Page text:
Does it support datetime conversion from xls datmode to normal datetime – sharafjaffri Nov 29 '12 at 13:34
  • 5
    If you don't know the name of the sheet (i.e. it's not Sheet1) then you can use wb.sheet_by_index(0) to get the first sheet, regardless of its name. – Li-aung Yip Jun 25 '15 at 7:32
  • 14
    CAUTION: this approach will not preserve Excel formatting of certain numbers. Integer-formatted numeric values will be written in decimal form (e.g. 2 -> 2.0), integer-formatted formulas will also be written in decimal form (e.g. =A1/B2 shows as 1 but exports as 0.9912319), and leading zeroes of text-formatted numeric values will be stripped (e.g. "007" -> "7.0"). Good luck querying for Mr. Bond in your database of secret agents! If you are lucky, these issues will crop up in obvious failures. If you are not lucky, they could silently poison your data. – Stew Jun 30 '15 at 20:21
  • 2
    for python 3: use your_csv_file = open(xls_path, 'w') (not 'wb'). the csv module takes input in text mode, not bytes mode. Otherwise, you'll get: TypeError: a bytes-like object is required, not 'str' – Ty Hitzeman Apr 5 at 19:33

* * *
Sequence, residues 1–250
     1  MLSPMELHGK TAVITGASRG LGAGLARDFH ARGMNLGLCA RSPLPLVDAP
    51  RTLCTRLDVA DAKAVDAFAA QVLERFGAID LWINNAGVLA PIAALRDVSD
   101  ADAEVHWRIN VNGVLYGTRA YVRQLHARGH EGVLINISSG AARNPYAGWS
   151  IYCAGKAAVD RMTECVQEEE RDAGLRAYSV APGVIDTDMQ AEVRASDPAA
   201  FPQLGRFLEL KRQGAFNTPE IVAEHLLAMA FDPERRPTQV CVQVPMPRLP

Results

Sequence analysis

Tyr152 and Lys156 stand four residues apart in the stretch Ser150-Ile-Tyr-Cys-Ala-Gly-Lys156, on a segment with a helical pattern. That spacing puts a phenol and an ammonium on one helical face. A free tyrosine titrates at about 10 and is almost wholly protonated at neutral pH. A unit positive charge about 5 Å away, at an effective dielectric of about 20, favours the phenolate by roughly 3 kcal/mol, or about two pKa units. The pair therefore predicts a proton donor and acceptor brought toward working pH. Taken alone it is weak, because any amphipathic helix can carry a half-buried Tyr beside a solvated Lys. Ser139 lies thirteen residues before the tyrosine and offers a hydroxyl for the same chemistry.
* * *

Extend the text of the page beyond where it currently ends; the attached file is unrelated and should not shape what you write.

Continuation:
54

I would use pandas. The computationally heavy parts are written in cython or c-extensions to speed up the process and the syntax is very clean. For example, if you want to turn "Sheet1" from the file "your_workbook.xls" into the file "your_csv.csv", you just use the top-level function read_excel and the method to_csv from the DataFrame class as follows:

import pandas as pd
data_xls = pd.read_excel('your_workbook.xls', 'Sheet1', index_col=None)
data_xls.to_csv('your_csv.csv', encoding='utf-8')

Setting encoding='utf-8' alleviates the UnicodeEncodeError mentioned in other answers.

| improve this answer | |
  • 2
    it does not work in case if you have some other languages text in rows.it shows ??? in text – Shauket Sheikh Sep 5 '16 at 5:16
  • 4
    @philE This is too slow. Use xlsx2csv – CodeFarmer Nov 2 '16 at 5:47
  • any tips on handling newline characters that might be in excel cell contents ? – Raghav Jul 5 '17 at 14:00